I’ve told this seasonal story a hundred times but I think it’s worth telling again. I was on holiday on the tiny Caribbean island of Nevis, in the bargain break period leading up to Christmas. I had booked myself on an early morning nature walk which led up the steeps sides of the local extinct volcano. Tree ferns dripped and exotic palms loomed out of the permanent mist that surrounds the peak. Vervet monkeys clattered through the branches and rare orchids peeped through the undergrowth.
As we slithered back down to level ground, we emerged into beautiful mid-morning sunshine. In the lane by the car park stood a classic West Indian gingerbread cottage, surrounded by a beautiful garden. Amongst all the unfamiliar flowers and greenery, a mass of pink roses grew up a trellis and cascaded from the veranda. More redolent of the Cotswolds than the Caribbean, if it wasn’t for the steam rising from the plants in the ever hotter sun.
Incongruously, the owner had decorated one of those prehistoric-looking Norfolk Island pine trees that are common in the area with ribbons, tinsel and plastic baubles. They had even placed a fairy on the topmost branch. The whole thing glittered wonderfully against the perfect blue sky. It was the height of kitsch but at the same time very touching. Attached to the base was a shakily-written sign which read ‘Peace and love to all mankind’.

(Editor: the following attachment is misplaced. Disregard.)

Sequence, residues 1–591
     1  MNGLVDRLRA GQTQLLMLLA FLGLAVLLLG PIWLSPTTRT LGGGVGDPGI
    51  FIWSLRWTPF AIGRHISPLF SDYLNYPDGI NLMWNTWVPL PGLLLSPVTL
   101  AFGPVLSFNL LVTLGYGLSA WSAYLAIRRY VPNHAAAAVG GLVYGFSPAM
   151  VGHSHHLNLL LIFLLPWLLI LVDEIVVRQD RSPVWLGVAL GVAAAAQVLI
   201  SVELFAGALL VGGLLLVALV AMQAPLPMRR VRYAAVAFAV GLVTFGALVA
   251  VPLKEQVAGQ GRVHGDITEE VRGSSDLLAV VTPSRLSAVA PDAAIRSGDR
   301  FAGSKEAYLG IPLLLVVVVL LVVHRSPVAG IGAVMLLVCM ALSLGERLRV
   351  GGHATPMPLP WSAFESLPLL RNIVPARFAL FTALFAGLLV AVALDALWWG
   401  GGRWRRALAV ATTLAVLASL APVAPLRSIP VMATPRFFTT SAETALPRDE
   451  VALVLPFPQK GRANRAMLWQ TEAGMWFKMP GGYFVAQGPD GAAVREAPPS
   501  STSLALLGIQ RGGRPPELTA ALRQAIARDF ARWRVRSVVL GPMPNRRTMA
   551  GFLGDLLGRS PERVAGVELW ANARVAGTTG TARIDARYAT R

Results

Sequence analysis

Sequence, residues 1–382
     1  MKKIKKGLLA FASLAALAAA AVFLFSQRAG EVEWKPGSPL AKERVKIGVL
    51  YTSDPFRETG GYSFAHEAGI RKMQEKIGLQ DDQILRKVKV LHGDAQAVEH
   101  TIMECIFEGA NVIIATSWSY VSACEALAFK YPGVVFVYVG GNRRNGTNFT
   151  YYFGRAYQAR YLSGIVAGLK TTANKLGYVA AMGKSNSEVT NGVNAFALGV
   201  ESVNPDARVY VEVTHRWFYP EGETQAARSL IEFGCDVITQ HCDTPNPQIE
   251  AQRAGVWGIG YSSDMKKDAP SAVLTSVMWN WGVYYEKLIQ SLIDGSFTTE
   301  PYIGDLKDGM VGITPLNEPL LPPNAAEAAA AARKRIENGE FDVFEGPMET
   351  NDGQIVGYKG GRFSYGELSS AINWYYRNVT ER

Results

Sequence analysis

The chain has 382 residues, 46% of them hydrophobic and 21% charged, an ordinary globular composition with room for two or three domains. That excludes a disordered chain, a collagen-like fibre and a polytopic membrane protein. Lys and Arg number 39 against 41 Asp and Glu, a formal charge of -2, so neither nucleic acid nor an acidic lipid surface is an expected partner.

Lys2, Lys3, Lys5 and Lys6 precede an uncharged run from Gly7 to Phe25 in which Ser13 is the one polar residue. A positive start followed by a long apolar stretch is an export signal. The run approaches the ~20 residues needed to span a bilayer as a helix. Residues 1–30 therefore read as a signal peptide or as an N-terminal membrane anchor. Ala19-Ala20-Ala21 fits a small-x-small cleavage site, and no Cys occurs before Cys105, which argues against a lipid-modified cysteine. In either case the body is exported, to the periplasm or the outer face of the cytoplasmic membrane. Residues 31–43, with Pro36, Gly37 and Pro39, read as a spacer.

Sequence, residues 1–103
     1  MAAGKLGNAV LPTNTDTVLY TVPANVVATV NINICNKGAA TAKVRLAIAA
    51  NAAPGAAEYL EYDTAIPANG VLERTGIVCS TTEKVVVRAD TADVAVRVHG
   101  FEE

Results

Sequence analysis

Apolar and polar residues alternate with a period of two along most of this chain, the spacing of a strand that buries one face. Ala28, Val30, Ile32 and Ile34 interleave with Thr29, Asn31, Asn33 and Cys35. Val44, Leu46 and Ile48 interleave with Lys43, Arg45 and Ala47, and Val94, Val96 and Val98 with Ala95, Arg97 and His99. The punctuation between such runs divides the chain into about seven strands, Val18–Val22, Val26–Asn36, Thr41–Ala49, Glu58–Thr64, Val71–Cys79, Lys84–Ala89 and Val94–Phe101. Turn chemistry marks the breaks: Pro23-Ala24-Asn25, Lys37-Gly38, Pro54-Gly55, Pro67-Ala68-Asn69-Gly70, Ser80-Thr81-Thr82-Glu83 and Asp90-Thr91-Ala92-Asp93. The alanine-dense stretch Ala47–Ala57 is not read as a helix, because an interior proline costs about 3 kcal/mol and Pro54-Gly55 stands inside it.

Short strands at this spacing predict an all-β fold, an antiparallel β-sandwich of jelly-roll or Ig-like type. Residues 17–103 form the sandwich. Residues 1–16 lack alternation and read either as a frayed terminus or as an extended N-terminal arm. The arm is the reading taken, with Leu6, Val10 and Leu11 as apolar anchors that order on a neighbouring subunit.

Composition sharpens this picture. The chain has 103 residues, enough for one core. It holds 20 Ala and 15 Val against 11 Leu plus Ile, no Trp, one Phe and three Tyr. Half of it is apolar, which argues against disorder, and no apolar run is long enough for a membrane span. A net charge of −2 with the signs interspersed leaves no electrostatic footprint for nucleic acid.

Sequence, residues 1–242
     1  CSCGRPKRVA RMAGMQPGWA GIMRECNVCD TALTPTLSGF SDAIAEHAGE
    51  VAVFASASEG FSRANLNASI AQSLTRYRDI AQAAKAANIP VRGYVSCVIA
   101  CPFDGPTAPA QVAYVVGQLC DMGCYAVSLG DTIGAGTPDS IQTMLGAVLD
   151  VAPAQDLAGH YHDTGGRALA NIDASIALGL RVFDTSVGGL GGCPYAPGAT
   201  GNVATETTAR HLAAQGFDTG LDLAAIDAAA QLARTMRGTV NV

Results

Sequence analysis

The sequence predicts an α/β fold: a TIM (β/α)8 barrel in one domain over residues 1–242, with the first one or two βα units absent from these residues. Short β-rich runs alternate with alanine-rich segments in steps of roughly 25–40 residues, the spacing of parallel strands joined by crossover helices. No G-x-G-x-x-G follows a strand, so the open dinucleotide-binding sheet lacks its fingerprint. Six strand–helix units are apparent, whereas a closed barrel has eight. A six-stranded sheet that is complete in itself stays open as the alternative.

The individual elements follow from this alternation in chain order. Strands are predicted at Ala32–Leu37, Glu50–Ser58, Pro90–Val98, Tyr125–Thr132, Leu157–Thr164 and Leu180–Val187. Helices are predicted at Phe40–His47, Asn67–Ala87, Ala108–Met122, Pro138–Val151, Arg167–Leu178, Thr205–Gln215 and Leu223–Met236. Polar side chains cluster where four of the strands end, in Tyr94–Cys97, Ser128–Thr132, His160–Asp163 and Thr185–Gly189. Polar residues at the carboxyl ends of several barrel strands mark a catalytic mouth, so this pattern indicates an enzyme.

I tell you, after a week of tropical buffets, talcum powder sand and sun burnt extremities, I had more or less forgotten it was Christmas. Suddenly I experienced a massive rush of seasonal good will. I almost got weepy! I took a picture for the folks back home, already planning to use the image for next year’s card.
As I got back on the tour bus, a wizened old lady emerged onto the veranda and started shouting in patois and gesticulating wildly in my direction. What’s she saying, I asked the guide? She’s putting a curse on you for not asking permission to take a photograph of her tree, he replied.
End of Christmassy feeling for yours truly. The bus drew away, and I am slightly ashamed to admit I responded from the safety of my seat with a very traditional hand gesture.